Dr. Jordan Chill

Senior Lecturer
Dr. Jordan Chill


Proteins, the molecular machinery of cells, are involved in all aspects of cellular biochemistry and biology. A comprehensive understanding of how proteins perform their biological roles and how these are regulated in the context of tissues and organisms requires the three-dimensional structure of these fascinating polymers to be known. An important method for studying the structure of proteins is nuclear magnetic resonance (NMR), which measures spectroscopic parameters of magnetic nuclei (protons and certain isotopes of nitrogen and carbon) in order to glean information about their spatial coordinates.

During his PhD studies (with Prof. Jacob Anglister, Weizmann Institute) Dr. Chill studied the structure of the cellular receptor for interferon (IFN) in humans, resulting in the first available structure of the IFN receptor, as well as a map of hydrophobic and electrostatic interactions by which the receptor recognizes its ligand and begins the IFN signaling pathway. These findings can now be utilized by pharmaceutical companies to search for more effective IFN-based therapies. During his post-doctoral studies (with Dr. Ad Bax, NIDDK/NIH, USA) Dr, Chill focused on membrane-associated proteins (MPs), hydrophobic proteins which are embedded in the cellular membrane and are involved in transport, recognition and membrane structure. At the NIH Chill learned and designed new NMR methods sufficiently sensitive to obtain structural information for a 68-kDa ion channel, an incredible size for an NMR study.

Dr, Chill arrived at Bar-Ilan University in October 2007 and formed the bio-NMR lab. His research group applies NMR methods to study the structure, dynamics and function of proteins with an emphasis on MPs, and with possible applications to health and disease. In June 2008 the Ultra-shielded 700-MHz Bruker spectrometer was successfully installed, including a cryogenic probe optimized for 13C detection. This experimental setup allows the group to run state-of-the-art experiments for studying proteins. The group includes a research assistant and six graduate students. Since milligram quantities of proteins are required for acquisition of NMR data, the group invests significant efforts in optimization of protein overexpression in bacterial systems, and purification using analytical and biochemical methods so that sufficiently pure protein samples can be prepared. NMR measurements conducted on these samples offer structural and dynamic information which uncovers the structural basis of the functions observed for proteins.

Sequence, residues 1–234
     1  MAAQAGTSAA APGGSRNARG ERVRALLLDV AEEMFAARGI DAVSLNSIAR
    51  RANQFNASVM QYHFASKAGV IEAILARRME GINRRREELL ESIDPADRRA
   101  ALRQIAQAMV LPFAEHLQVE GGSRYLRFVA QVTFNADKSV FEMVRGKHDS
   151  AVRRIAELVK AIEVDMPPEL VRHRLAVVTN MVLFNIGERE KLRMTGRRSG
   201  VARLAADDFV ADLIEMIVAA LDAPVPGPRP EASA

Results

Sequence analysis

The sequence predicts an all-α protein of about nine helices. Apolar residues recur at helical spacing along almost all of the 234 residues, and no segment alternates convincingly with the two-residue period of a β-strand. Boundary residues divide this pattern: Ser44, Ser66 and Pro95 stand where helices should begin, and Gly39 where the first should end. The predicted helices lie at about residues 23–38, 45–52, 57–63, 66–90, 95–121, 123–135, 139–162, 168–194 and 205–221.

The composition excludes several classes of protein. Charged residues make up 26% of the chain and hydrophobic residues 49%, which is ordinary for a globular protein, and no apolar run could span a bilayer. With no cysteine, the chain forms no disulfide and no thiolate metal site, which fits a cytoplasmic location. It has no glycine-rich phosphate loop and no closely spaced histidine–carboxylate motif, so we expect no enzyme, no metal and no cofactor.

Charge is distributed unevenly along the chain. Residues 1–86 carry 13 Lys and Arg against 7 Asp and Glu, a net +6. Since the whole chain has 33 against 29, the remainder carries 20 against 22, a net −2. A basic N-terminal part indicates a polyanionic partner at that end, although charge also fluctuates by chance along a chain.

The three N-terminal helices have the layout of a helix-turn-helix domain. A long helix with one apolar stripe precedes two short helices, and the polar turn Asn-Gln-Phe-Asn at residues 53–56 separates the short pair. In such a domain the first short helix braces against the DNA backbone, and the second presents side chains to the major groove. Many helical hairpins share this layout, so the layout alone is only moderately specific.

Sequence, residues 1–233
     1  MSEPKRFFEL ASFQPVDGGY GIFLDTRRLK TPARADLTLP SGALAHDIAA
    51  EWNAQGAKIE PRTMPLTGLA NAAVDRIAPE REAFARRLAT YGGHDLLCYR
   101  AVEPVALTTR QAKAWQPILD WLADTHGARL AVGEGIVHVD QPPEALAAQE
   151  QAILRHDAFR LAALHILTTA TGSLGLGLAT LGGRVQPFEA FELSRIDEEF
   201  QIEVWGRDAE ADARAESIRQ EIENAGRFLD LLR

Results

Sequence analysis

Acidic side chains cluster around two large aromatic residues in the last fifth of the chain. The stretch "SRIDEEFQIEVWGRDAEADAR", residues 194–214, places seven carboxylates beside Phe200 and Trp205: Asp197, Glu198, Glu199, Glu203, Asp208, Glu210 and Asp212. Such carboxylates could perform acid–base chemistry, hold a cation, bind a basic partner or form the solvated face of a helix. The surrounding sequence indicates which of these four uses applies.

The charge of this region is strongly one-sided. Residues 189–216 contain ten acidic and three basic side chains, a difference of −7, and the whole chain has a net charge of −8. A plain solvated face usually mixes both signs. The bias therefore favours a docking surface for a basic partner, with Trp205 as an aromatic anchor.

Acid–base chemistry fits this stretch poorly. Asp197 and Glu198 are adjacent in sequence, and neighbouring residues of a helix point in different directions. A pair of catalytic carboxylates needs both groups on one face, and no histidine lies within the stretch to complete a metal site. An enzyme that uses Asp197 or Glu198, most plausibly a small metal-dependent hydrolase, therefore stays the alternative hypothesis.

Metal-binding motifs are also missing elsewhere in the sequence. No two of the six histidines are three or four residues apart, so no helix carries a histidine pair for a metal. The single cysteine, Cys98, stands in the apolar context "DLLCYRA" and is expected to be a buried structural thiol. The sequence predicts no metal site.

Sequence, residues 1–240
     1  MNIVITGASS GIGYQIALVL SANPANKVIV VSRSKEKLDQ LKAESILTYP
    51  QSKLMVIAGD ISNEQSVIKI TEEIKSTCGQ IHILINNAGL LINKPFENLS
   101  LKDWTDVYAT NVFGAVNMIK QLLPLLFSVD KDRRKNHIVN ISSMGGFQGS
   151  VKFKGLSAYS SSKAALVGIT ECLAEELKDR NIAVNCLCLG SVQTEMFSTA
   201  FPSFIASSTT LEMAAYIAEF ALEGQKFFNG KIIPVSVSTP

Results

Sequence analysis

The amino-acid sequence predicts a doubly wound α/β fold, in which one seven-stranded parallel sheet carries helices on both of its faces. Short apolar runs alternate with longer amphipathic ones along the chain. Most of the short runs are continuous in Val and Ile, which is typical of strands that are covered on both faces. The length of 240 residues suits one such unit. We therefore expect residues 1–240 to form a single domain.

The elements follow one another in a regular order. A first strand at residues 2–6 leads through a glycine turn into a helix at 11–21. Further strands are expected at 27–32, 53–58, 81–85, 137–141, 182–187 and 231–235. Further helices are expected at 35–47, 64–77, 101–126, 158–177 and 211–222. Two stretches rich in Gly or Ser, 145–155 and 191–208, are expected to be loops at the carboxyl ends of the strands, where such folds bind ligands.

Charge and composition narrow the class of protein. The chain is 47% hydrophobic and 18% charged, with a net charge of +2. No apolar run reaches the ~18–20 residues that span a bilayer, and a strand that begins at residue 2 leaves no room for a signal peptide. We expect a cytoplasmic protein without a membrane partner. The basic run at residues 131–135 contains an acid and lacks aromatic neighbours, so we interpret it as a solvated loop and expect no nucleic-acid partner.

Particular research areas (projects)

1. The KcsA potassium channel - structural basis for channel inhibition by toxins

2. Intrinsically disordered proteins, methods for their study by NMR

3. Protein-protein interactions affecting the cytoskeleton and actin polymerization

4. Membrane spanning peptides – how viral invasion of the membrane occurs.




  1. Bermel, W.; Bertini, I.; Chill, J.H.; Felli, I.C.; Haba, N.Y.; Kumar, M.V.; Pierattelli, R. 13C-direct detection amino acid selective NMR experiments to simplify the assignment of IDPs. ChemBioChem, 2012,.13(16), 2425-2432.
  2. Novacek, J.; Haba, N.; Chill, J.H.; Zidek, L.; Sklenar, V.; 4D non-uniformly sampled HabCabCON/intra-HabCabNCO experiments for the sequential assignment and chemical shift analysis of intrinsically disordered proteins. J. Biomol. NMR. 2012, 53(2), 139-148.
  3. Kamnesky, G.; Shaked, H.; Chill, J.H.; The distal C-terminal region of the KcsA potassium channel is a pH-dependent tetramerization domain. J. Mol. Biol. 2012, 418(3-4), 237-247.
  4. Chill, J.H.; Naider, F.N. A solution NMR view of protein dynamics in the biological membrane. Curr. Opin. Struc. Biol. 2011, 21, 627-633.